Who do civil servants talk to?

Article 3.3 of the Bhutan Civil Service Rules and Regulations, would not have come out in the limelight at the rate it did in the last month, so much so that civil servants are reputedly unwilling to speak about anything not just to the media, but between friends, too. “A civil servant shall not criticise publicly the policies, programmes, and actions of the Royal Government and his own Agency...” section, says. 
Section says a civil servant shall “openly communicate and provide feedback if what his superiors/ colleagues/ subordinates do or say is professionally or morally unacceptable; and iii. Provide forthright and impartial advice in a constructive manner that facilitates the achievement of Agency objectives.” In doing so a civil servant shall not “fear consequences for being honest and sincere in his duties..”
While these beautifully scripted clauses are there, there are hardly any platform in government agencies, where one lower ranking civil servant “can openly communicate and provide feedback if what his superiors/ colleagues/ subordinates do or say is professionally or morally unacceptable.” And there would be very few civil servants who would not fear consequences. In such a scenario, what can civil servants do? Who do they speak to when their superiors make a mistake? 
Though the dozens of meetings held could be one forum, a civil servant said that in the last three years of his service, there wasn’t even one meeting where the agenda was to discuss about “what is wrong in the agency?” “During meetings, seniors ask if we have any comments and if we point out mistakes and errors, we are either brushed aside or ‘marked,’” he said. When asked if there are any grievance cell or a feedback box, he said apart from surveys being done sometimes, there are no avenues to convey to those in charge of respective agencies, what is not right. “This could be the reasons why civil servants speak to people outside, which is dubbed ‘public.’ he said. 
Similarly, another civil servant said there are no ways to tell “their bosses that something is going wrong.” When asked about complaint box or grievance cells, she said no one would make use of it, unless anonymity is retained and ensured. “If we have to sign or write something, we will be caught. I would not say that I would be penalized, but the possibility of me being penalized indirectly or in different forms is there,” she said. “And even if one does not sign, leaders could go to the extent of checking whose handwritings those are,” she added.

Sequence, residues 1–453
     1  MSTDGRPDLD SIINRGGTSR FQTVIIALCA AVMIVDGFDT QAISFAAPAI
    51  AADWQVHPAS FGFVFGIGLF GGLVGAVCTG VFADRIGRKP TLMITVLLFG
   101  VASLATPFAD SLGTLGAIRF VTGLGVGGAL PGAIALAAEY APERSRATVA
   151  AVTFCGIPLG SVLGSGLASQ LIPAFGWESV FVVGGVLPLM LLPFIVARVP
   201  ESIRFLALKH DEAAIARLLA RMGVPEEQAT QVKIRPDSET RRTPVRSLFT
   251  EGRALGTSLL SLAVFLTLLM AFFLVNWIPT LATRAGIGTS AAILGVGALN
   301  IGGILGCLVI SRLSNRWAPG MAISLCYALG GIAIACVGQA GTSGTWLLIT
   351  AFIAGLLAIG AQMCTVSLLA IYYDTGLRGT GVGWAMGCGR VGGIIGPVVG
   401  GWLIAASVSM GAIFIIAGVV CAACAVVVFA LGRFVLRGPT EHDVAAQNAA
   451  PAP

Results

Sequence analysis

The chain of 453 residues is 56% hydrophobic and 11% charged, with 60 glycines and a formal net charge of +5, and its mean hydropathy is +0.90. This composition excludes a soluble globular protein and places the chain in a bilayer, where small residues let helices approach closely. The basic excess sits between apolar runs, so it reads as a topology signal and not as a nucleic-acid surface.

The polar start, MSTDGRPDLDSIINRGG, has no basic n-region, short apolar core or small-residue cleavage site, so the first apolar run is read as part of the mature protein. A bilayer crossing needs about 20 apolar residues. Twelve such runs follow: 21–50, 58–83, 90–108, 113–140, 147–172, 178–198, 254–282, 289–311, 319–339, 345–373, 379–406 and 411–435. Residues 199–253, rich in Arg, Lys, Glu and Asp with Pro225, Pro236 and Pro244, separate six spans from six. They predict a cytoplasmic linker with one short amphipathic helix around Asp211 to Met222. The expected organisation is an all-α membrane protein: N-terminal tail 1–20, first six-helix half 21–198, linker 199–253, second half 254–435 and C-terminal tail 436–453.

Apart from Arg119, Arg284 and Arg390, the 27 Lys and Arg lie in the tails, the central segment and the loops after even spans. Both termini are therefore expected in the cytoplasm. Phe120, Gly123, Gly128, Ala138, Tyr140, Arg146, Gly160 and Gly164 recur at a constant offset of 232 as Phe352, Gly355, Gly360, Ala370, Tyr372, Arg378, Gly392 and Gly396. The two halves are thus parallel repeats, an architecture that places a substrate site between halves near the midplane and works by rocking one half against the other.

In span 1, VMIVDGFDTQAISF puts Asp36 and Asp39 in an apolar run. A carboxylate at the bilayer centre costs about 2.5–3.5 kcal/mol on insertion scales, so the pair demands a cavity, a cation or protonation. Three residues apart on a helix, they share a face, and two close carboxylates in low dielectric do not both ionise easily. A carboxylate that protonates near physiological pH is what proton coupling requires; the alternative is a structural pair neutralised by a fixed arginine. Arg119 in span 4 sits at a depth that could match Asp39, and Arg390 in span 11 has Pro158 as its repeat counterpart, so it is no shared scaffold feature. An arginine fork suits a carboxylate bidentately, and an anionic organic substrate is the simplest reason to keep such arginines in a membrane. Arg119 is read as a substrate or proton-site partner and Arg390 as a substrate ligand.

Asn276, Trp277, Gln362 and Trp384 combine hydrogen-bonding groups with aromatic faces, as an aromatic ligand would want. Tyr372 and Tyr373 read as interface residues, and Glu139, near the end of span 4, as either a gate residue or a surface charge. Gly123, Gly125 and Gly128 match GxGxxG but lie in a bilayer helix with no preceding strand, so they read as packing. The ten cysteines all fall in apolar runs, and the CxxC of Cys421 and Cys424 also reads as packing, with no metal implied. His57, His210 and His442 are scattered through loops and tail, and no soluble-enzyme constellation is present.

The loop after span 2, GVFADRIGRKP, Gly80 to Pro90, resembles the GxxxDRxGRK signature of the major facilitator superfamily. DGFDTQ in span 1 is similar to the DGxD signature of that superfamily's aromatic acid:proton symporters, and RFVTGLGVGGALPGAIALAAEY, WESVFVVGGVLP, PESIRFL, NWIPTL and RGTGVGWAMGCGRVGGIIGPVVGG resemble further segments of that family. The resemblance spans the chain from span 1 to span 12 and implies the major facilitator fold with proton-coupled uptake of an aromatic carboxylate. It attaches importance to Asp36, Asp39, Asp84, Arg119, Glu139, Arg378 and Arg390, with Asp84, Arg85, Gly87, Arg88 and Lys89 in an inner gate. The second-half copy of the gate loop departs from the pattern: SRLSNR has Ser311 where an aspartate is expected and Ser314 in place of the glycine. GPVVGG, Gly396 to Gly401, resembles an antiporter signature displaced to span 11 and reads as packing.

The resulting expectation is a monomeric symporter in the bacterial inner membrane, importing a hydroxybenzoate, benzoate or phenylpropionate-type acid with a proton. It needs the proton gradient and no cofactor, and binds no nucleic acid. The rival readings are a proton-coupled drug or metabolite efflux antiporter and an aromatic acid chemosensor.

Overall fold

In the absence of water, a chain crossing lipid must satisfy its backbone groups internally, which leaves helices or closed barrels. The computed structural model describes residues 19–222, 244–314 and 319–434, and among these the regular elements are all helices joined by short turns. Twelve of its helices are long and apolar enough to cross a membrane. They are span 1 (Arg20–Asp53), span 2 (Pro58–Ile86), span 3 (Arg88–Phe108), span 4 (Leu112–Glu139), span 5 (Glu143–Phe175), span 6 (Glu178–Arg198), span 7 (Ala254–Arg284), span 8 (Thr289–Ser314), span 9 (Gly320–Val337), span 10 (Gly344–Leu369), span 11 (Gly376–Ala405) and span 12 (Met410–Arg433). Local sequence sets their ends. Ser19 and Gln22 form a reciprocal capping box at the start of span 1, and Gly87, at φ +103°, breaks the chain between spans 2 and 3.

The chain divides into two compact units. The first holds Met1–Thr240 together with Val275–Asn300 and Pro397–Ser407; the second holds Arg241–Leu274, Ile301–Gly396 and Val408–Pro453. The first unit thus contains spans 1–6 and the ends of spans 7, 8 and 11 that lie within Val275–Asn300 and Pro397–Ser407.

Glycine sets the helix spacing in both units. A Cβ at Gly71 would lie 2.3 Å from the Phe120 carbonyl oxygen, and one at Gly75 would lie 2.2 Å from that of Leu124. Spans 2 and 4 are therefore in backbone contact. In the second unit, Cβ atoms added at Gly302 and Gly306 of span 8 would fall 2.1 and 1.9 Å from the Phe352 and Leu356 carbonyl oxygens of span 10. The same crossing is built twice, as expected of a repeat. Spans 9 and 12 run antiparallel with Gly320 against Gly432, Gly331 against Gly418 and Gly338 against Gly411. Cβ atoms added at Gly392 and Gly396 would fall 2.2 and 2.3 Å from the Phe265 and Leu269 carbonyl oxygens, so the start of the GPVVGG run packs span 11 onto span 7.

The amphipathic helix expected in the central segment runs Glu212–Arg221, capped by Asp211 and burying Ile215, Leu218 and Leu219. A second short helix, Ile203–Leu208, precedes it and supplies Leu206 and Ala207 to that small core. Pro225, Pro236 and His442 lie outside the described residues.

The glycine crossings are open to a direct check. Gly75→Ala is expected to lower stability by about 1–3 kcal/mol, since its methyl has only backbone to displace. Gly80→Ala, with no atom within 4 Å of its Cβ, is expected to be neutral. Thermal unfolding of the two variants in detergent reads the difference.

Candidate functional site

However, a senior civil servant said though there are no meetings as such to comment on each other, opportunities are provided during meetings to junior civil servants. “Most of the time there are no comments,” he said. When questioned if there are avenues provided to speak about a leader’s flaws, he said there are no “formal avenues.” “And I understand that most would not complain because of fear,” he said. 
Meanwhile, certain sections of the society say that the code which bars civil servants from criticizing publicly the policies, programmes, and actions of the Royal Government and agencies are ways to ensure that errors made, powers abused and others are kept “within the camp.” “Section, does not say a civil servant should not speak; it says that they cannot criticize, meaning they can blow the trumpets of the agencies and governments but refrain from saying anything bad,” Sonam Tashi, who is self-employed said. “If there are no formal mechanisms to lodge complaints against superiors or policies, the ground for corruption is laid,” he said, adding that if Section of the BCSR is removed or modified, corruption cases will decline. “Only family members know what is happening in a house. I am definite corruption cases will decline as civil servants could speak about it publicly.” 
Meanwhile, civil servants are pinning their hopes on the reforms carried out. “The RCSC and selected excellent executives are engaged in the reform. We hope that apart from ‘managing out,’ merging and others, they come with measures that will fill in the vacuums like those mentioned above,” a civil servant said.